Comunique II

la gente
la gente
Jan 3 · 9 min read

The week between Christmas and New Years is supposed to be a time of joy, a time to spend with your family, a small break from capitalism and the necessity of work-force education and work-force obligations. We from Moringa, Maiz, y Nopal hope that you enjoyed it and were able to spend time with the people you love.

For us, it was a week of getting to develop a small understanding of the current processes and encampments available for asylum seekers here in Tijuana and across the border in San Diego. On the south side, there are kitchens, there is food, clothes, tents, and blankets. Most basic needs are covered except for a need for battery/solar lights, backpacks, and self expression. There is no work available for asylum seekers, they remain self reliant in many ways, but of course have no real or consistent access to funding or the capitalistic system.

Today is January 2nd; “list managers” help assist their relatives in making it through the illegal numbering system “la lista” by calling out 0–10 numbers each day. Every number is representative of ten people; if you are not there when your name is called, good luck, they say. The system is managed by a composition notebook, and it is corrupted by a group (the Mexican equivalent to ICE) called Grupos Betas. Numbers can, thanks to their illegal infiltration and perpetuation of such a system as la lista, be bought or sold. There are organizations on the ground working to empower people throughout this illegal process and provide information about “las hielerias” or ice boxes, the asylum seeking process in general, and help available on the other side.

The last number called January 2 was 1511, on New Years Day, 0 numbers were called. The last number to be assigned was somewhere around 1900. That means 3,890 people are still waiting to be called for their turn to enter through the port of entry here in Tijuana.

On the night of December 31st, we had used some fundraising to fill in a gap of entertainment at one of the shelters here in town; we planned to show a movie with a projector and small chargeable speaker, hoping it would offer a momentary distraction from the reality of current circumstances, but electricity currents were too low at the shelter to power the DVD player and projector at the same time. We hope to return again with a charged battery that we can plug those devices into.

Every day here we drive home along the double walled, militarized border zone, enforced by razor wire on the north side that reaches up to 7 feet high.

*The only way to seek or request asylum in the US is to make it to the other side.*

Between 10 p.m. and 5 a.m., from December 31, 2018, and into January 1, 2019, more than 100 asylum seekers including children gathered in an effort to beat the illegal list and become capable of claiming asylum on what is considered US soil.

On our way home that night as we drove across that same highway we saw people standing near a point on the border known as a spot for crossing. We saw children wrapped in emergency blankets, and after rounding a hill we saw plumes of tear gas with more people walking along the highway. This was around 10 p.m.

We went to get medical supplies and returned. We parked and went to see what was happening. We joined up with those gathered there. We communicated with the folx and they asked us to accompany them and assist, since they had seen the tear gas and wanted us to provide medical assistance (a couple of us are trained as street medics and brought treatment for tear gas).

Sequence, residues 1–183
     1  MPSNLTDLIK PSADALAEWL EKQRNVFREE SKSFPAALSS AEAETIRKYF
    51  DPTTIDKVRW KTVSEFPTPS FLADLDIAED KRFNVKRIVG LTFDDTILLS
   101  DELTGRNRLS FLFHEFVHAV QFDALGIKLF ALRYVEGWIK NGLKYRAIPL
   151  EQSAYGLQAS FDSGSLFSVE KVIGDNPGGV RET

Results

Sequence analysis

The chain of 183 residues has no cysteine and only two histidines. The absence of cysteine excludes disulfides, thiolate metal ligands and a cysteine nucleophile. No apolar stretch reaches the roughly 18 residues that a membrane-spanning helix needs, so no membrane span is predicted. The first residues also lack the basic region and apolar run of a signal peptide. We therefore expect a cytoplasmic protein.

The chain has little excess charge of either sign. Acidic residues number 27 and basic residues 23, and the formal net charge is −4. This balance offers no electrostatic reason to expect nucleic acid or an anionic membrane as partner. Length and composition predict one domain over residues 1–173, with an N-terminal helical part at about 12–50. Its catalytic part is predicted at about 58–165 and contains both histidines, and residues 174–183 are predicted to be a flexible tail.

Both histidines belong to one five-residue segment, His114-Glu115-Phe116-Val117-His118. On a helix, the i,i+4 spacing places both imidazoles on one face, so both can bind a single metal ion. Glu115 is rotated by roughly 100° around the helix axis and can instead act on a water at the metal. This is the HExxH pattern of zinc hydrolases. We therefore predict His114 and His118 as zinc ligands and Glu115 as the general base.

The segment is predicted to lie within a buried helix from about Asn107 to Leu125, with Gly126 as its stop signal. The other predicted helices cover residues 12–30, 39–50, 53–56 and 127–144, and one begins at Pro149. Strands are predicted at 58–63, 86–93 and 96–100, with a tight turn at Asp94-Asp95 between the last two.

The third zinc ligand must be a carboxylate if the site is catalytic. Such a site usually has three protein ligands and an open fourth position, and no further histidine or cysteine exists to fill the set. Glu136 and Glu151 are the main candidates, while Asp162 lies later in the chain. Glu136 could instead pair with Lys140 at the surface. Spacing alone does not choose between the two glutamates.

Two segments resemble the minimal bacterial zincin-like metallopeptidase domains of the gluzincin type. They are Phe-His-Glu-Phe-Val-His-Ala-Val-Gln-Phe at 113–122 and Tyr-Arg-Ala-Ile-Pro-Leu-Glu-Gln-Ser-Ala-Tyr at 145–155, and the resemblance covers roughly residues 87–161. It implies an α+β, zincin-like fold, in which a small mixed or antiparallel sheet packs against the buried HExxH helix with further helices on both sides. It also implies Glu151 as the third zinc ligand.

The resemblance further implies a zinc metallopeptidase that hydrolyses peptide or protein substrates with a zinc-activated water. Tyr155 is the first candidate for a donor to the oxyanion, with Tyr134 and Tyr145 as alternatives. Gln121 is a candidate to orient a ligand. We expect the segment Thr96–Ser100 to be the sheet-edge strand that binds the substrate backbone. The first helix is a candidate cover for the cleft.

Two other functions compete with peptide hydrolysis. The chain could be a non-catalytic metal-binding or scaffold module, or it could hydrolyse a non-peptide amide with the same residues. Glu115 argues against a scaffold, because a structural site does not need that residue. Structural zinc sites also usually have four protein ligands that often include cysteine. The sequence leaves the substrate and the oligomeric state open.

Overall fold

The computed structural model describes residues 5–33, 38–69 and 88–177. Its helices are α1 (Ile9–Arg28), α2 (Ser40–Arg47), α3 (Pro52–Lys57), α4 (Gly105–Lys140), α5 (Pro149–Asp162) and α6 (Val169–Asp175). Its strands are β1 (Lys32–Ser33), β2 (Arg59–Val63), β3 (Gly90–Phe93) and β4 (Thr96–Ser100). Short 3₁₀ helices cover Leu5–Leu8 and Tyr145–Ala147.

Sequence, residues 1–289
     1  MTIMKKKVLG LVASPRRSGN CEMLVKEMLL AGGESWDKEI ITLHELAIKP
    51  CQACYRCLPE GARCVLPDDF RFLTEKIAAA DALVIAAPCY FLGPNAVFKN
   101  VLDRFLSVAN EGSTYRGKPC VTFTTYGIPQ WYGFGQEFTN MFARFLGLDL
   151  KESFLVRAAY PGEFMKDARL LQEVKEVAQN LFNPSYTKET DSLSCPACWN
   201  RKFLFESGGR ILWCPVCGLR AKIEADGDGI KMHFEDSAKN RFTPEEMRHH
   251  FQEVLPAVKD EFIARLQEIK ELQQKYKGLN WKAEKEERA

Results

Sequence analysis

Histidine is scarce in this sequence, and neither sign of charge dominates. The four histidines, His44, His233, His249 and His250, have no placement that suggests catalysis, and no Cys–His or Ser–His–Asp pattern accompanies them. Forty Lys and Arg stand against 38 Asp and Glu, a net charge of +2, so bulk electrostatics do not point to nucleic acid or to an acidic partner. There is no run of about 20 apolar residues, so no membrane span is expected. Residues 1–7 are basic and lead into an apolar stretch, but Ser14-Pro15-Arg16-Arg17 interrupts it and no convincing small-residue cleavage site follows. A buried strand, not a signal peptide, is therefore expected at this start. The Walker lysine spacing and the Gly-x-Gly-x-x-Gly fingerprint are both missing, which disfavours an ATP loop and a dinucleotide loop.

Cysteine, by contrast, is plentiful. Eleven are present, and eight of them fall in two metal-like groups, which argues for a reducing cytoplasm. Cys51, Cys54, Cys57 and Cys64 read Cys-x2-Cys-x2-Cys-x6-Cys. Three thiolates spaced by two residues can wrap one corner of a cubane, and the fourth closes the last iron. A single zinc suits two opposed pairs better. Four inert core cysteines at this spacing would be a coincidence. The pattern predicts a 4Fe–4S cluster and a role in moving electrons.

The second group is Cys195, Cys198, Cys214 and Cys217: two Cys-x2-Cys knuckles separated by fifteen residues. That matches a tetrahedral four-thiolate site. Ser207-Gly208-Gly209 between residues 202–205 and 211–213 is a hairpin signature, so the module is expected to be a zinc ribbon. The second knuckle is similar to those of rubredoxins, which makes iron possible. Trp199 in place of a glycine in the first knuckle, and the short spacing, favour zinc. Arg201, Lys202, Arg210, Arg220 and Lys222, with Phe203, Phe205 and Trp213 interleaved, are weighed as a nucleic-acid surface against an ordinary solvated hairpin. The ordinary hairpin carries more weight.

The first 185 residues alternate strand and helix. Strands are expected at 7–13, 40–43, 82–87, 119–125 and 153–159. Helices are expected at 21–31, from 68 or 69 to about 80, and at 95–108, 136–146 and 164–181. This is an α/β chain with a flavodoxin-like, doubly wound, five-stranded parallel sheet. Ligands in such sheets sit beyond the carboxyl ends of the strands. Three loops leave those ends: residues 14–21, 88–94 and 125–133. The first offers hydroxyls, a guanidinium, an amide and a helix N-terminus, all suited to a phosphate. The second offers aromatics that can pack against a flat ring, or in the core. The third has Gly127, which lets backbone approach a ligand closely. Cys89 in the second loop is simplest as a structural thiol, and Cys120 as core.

The Central American folks seeking to cross and apply for asylum collectively decided that even with the risk, it was their best and only option. We want to stress that these folks were families, young men, women and elderly folks- just like us, just like you- everyone simply looking for a better life escaping the violence and poverty that made them flee their home, literally walking and catching rides over thousands of miles.

They decided that the children and families would be prioritized to cross over the fence and surrender themselves to border patrol and make a claim for asylum.

The hundred plus people present had to climb up a hill along the border wall and reach a point safe to cross with no razor wire. As we crept along the wall and were waiting for those at the point to cross, border patrol with the help of two overhead drones assessed what was happening.

These moments were tense and long. The minutes felt like hours. We had to be as silent as possible; mothers and fathers worked to keep their children quiet, la migra was just on the other side of the metal fence, we could hear their engines, they could hear the rocks move beneath our feet. We could all see the fear in all each other’s eyes, so many faces looked down the hill with doubt.

Border Patrol spotting the mass of us, without provocation or warning, they launched at least three tear gas canisters over the fence. The first one was maybe 2 yards in front of us. This forced all of us to flee into a clearing/construction site. We were in the light and it became apparent to border patrol how many of us there were. The people who ran from the gas needed treatment. We got those most affected afar from the gas and administered milk of magnesium. Another group stayed closer to the wall but in sight of border patrol. More border patrol agents arrived. The national guard arrived soon after.

The large group of us fled uphill to escape the smoke, but after that initial attack a dozen or more people returned to the wall determined to keep trying. More people steadily followed suit. The smoke cleared and people regathered to make their stand and demand the right to seek asylum. At first a few, but with numbers the people shook the initial shock off and regrouped at a hill point just up from the fence where no razor wire was laid.

The point on the fence where folks crossed was prepared and people encouraged the families and each other not to be afraid. People called out to each other “No tengas miedo!” “Don’t be afraid!”